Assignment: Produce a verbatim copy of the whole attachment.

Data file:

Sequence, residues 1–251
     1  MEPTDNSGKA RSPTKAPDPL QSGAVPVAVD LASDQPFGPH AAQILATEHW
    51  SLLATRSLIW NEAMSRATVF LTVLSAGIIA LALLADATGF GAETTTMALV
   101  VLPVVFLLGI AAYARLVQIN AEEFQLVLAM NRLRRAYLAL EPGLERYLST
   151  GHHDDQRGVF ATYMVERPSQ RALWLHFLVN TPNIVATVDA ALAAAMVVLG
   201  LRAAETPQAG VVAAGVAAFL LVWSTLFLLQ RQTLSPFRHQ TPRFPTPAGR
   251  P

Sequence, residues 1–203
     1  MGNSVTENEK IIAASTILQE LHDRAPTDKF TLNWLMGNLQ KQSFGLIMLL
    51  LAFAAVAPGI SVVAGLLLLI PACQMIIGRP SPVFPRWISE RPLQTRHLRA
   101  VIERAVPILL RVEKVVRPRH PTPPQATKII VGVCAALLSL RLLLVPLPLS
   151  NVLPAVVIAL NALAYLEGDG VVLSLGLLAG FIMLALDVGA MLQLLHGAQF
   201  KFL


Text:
Sequence, residues 1–251
     1  MEPTDNSGKA RSPTKAPDPL QSGAVPVAVD LASDQPFGPH AAQILATEHW
    51  SLLATRSLIW NEAMSRATVF LTVLSAGIIA LALLADATGF GAETTTMALV
   101  VLPVVFLLGI AAYARLVQIN AEEFQLVLAM NRLRRAYLAL EPGLERYLST
   151  GHHDDQRGVF ATYMVERPSQ RALWLHFLVN TPNIVATVDA ALAAAMVVLG
   201  LRAAETPQAG VVAAGVAAFL LVWSTLFLLQ RQTLSPFRHQ TPRFPTPAGR
   251  P

Sequence, residues 1–203
     1  MGNSVTENEK IIAASTILQE LHDRAPTDKF TLNWLMGNLQ KQSFGLIMLL
    51  LAFAAVAPGI SVVAGLLLLI PACQMIIGRP SPVFPRWISE RPLQTRHLRA
   101  VIERAVPILL RVEKVVRPRH PTPPQATKII VGVCAALLSL RLLLVPLPLS
   151  NVLPAVVIAL NALAYLEGDG VVLSLGLLAG FIMLALDVGA MLQLLHGAQF
   201  KFL